Jewish Holidays

Jewish Holidays

Jewish holidays always start in the evening a day before the date specified on most of our calendars. As the Roman calendar, where a day starts at midnight, the Jewish day begins at sunset and ends at sunset. Therefore, at nightfall the Holidays are set to end, this is as soon as it becomes dark about after the sunset. As noticed, the holidays may be celebrated for more one extra day as specified in the Bible. This is explained below.

In the Jewish calendar, each month begins on the new moon since it is lunar. From just a mere observation, the new months were determined. Once a new moon was seen, the Sanhedrin marked that day as the start of the new month and messengers were sent to inform the people. Due to distance barrier and lack of fast communication methods, the communities living at the far end, could not be notified of the new day which here happens to be the first day of the month, so they would not know the exact day to celebrate. But they already knew that the current month would last for 29 to 30 days. So if they used to celebrate the holiday for two days to cover which is which. To maintain this as a custom of their ancestors, even after getting a more updated calendar this practice was continued and celebration for two days was maintained.'   

The Passover holiday marks the Exodus of Jews from Egypt. It is celebrated for seven or eight days in accordance to the branch of Judaism, from a full moon night in April. Easter usually overlaps with Passover. Jews avoid bread and grain or flour products or any other product during this holiday; this is to remember their ancestors from Egypt were in a hurry, and there was no time for the bread to ferment and rise so they had to take unleavened bread.

Strictly, Jews do not observe the standard working-day schedule such as going to work, school or even doing business on both the first and last two days of Passover as it is a requirement from Jewish law.  Just like all other Jewish holidays, Passover begins at the evening a day before the calendar.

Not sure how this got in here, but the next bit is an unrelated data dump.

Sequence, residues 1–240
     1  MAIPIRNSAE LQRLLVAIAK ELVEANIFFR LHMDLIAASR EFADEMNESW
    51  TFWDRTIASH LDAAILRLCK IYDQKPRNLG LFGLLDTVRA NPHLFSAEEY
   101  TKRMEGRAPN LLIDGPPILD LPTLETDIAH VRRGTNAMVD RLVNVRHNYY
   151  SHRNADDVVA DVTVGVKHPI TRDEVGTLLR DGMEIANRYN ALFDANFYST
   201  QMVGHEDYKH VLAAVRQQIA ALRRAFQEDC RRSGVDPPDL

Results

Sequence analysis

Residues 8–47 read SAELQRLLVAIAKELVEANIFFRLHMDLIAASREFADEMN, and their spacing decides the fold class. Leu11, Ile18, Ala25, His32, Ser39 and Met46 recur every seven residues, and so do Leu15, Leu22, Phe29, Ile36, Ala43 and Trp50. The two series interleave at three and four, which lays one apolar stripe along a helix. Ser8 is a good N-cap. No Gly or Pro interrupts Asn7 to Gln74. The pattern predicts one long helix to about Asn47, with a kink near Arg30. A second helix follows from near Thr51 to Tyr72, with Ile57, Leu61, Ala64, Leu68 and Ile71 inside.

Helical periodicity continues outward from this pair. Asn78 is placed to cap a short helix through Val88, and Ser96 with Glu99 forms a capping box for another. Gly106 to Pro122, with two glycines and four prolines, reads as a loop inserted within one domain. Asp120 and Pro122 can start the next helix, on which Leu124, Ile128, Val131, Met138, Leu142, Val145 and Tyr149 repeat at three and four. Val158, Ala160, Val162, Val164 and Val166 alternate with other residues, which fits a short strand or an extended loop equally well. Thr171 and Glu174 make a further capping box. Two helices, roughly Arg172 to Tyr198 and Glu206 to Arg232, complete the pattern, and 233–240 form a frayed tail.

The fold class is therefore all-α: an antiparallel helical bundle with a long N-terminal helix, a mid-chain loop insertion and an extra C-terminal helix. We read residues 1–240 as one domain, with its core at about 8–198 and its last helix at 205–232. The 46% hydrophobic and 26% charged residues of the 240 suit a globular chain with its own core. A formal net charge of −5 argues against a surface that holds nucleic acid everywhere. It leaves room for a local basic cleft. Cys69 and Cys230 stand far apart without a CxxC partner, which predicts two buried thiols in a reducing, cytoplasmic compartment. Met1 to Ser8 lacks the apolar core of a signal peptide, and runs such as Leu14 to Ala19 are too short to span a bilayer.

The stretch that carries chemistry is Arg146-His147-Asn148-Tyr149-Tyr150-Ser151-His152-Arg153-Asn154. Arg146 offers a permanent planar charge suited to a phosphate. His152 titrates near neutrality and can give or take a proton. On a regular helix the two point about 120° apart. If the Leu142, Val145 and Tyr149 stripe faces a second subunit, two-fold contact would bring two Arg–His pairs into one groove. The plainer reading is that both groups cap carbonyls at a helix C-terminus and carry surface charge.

Rosh Hashanah is marked as the first day of the Jewish Year holiday the day marks a start of the new Jew new year. This holiday lasts for either one or two days, in accordance to one's Judaism branch.

Rosh Hashanah holiday is a happy and festive just like the 'New Year', but it's somewhat more intensive. Like the 'New Year', it calls for people to look back at the past year where one is supposed and make resolutions for the following year. It is also aimed at mentally preparing people for the upcoming holiday, Yom Kippur.

Many of the Jews even those who do not go to synagogue any other time of year will go to synagogue on this day. Just like the "twice-a-year Christians" who attend the church only on Christmas and Easter, there are also  "Twice-a-year Jews" visit the synagogue only on Rosh Hashanah and Yom Kippur.

The Jewish day of atonement is marked as Yom Kippur. It is a day of full fasting and repentance to reunite themselves with their God for the possible mistakes may have been made in the just ended year. Yom Kippur is only aimed to atone for sins between only man and God, not for sins against another order To atone for sins against a fellow man, one must first seek out their reconciliation, and by accepting and correcting the wrongs done against each other if possible. Yom Kippur is scheduled on a ninth day counting from the first day of Rosh Hashanah. So counting from the Roman calendar it is usually dated around late September or early October of each year. The ten days period between Rosh Hashanah holiday and Yom Kippur holiday is the traditional is meant for forgiveness from one's friends and neighbours so that on Yom Kippur one can attain clemency and cleansing for all transgressions from God. This act of atonement makes a claim that human beings can change and improve. There is no addition for an extra day to this 25-hour fast.

Most people (Jews) take off from work or school on this day. For synagogues, it is the busiest day of the year even though many synagogues charge for tickets to this day's services. Many will also want to leave work early the night before, so they have time for a large, slow meal before this 25-hour fast. 

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